Trakai History Museum

Inv. No. GEK-3514

Address: Kęstučio str. 4, Trakai

Time of origin: 1787–1899

Place of origin: Lithuania

Material, Technique: bronze: casting, cizeling

Dimensions: height – 84 cm, diameter – 60 cm

A chandelier preserved in the Trakai History Museum belongs to the oldest and the most common stem type. Such lighting devices with a large sphere at the bottom of the stem were started to produce in the Netherlands along with the establishment of Baroque culture in the 17th century. They are widely spread throughout Europe, and because of their origin are often referred to as Flemish or Dutch chandeliers.

The chandelier’s stem is threaded from profiled tubes and two drilled discs to receive arms. A large loop for hanging is at the top and a sphere beneath the stem. It is much smaller than the typical old Flemish-type chandeliers in Europe. However, its size is typical for chandeliers survived in Lithuania. The arms of the chandelier are arranged in two stories: six arms at the top and six at the bottom. The arms in the upper storey are with stylized flower-shaped reflectors. Their analogues are found in the works of the historical region of Galicia (a territory belonging to present-day Ukraine and Poland) in the second half of the 18th century [2]. Tracery wreaths with panels encircle the lower arms. Their elaborate ornament is typical of the Jewish Hanukkah candelabrum. Like the stylized flowers, the openwork panels had not only a decorative function but also reflected and intensified the candlelight.  At the top of the chandelier, on the hanging loop, two intertwined serpents are shown. The cult of the serpent is especially old in the history of the Jewish nation. Therefore, this is further confirmation that the chandelier once decorated and illuminated the interior of the synagogue.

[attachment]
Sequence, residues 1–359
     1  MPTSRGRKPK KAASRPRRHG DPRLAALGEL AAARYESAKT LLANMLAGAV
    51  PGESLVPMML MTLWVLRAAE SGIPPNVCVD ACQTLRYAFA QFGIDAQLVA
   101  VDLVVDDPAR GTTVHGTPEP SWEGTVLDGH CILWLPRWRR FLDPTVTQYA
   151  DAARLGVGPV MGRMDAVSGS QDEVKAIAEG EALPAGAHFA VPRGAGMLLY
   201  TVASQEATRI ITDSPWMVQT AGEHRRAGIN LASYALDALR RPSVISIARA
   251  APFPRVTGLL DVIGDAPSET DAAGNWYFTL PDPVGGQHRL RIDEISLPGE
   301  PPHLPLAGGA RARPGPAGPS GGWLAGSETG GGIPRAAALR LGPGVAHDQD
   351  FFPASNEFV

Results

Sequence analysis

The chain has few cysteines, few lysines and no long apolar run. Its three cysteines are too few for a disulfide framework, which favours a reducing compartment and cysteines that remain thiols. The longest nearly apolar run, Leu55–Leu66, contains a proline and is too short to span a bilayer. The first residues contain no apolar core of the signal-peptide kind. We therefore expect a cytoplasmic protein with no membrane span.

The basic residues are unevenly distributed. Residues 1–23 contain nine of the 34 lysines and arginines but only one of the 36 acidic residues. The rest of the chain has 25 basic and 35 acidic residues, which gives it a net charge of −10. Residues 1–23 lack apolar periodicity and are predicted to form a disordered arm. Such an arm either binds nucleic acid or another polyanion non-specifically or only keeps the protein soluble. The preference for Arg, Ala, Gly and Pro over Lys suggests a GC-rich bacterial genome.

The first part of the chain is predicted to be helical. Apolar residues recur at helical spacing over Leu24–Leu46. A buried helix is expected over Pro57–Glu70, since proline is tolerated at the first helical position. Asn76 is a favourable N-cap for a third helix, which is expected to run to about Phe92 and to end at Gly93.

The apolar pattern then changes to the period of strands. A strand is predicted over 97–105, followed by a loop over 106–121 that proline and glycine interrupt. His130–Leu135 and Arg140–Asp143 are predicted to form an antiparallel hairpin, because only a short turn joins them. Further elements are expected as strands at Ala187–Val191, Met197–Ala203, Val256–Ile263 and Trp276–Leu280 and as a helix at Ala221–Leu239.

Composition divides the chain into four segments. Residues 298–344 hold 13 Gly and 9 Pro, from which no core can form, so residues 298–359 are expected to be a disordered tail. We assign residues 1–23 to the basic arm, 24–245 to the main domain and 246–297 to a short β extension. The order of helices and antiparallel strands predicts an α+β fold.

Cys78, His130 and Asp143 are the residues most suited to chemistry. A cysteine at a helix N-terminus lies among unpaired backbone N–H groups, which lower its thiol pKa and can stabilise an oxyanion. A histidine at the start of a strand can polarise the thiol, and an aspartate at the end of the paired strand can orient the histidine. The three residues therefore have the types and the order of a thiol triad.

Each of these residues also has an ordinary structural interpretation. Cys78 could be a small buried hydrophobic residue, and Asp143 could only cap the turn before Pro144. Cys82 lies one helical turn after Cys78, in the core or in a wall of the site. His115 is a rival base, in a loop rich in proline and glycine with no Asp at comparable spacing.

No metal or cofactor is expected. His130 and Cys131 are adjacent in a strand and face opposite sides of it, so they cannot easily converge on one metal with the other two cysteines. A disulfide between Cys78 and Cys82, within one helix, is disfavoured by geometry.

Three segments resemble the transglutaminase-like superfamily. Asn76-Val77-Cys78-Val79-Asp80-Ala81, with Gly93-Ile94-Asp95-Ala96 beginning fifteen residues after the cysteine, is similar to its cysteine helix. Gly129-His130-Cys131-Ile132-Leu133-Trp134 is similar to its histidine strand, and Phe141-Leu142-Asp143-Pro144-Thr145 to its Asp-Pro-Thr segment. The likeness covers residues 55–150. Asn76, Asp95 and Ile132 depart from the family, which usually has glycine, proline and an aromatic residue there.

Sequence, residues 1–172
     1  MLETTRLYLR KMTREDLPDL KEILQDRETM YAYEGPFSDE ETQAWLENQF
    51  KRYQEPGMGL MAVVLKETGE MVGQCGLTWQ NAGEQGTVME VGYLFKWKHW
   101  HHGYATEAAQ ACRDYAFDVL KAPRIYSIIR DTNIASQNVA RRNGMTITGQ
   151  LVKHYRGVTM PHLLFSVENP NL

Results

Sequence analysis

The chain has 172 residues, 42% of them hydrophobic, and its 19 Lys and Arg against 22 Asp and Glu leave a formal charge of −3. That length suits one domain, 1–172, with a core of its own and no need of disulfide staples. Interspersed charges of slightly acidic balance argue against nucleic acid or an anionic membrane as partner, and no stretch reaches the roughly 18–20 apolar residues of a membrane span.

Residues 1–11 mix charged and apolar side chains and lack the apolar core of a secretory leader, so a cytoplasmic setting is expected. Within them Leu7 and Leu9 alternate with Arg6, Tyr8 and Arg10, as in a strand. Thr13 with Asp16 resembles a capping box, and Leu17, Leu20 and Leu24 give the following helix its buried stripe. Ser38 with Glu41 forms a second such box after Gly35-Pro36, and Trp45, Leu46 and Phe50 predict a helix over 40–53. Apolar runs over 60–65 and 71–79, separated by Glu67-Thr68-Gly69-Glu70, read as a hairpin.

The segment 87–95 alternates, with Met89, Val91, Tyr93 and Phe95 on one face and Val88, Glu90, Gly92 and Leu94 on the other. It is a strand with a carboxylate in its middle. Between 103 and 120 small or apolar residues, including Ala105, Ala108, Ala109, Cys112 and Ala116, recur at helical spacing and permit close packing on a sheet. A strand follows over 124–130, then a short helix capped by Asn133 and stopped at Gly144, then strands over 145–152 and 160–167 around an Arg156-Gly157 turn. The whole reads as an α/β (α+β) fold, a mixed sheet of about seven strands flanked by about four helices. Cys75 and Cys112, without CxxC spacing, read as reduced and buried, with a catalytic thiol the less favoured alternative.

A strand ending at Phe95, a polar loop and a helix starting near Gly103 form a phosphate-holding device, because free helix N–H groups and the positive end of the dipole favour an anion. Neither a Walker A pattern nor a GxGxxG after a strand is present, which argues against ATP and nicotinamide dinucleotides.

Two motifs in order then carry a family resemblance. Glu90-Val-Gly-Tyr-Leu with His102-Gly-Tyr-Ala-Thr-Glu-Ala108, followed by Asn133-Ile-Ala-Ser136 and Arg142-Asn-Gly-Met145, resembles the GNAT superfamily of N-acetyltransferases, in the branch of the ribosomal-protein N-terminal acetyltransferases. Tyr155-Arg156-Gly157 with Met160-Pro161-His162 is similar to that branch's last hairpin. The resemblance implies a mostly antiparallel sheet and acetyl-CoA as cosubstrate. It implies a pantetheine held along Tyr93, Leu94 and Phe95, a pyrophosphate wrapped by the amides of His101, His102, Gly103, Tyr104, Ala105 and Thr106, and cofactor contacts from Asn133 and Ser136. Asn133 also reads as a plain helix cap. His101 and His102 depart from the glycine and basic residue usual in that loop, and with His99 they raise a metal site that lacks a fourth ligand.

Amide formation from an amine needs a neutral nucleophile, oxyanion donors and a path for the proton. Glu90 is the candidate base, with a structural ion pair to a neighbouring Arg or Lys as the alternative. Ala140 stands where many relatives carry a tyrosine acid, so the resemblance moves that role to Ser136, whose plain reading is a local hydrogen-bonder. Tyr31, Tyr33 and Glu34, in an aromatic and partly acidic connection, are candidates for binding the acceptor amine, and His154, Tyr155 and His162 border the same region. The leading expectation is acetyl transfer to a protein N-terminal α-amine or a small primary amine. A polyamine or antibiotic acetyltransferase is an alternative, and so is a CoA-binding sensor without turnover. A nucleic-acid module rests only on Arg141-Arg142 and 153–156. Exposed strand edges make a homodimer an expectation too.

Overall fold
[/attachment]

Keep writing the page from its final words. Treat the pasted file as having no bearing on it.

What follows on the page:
The chandelier was restored in 1972. Most likely that the missing sconces were cast at this time. This chandelier is not the only surviving example of lighting in Lithuanian synagogues. A chandelier with a very similar structure is preserved in the M.K. Čiurlionis National Art Museum. An almost identical chandelier is documented in the photograph of the last century taken in a synagogue in Hlybokaye, Belarus [3].

Literature and sources: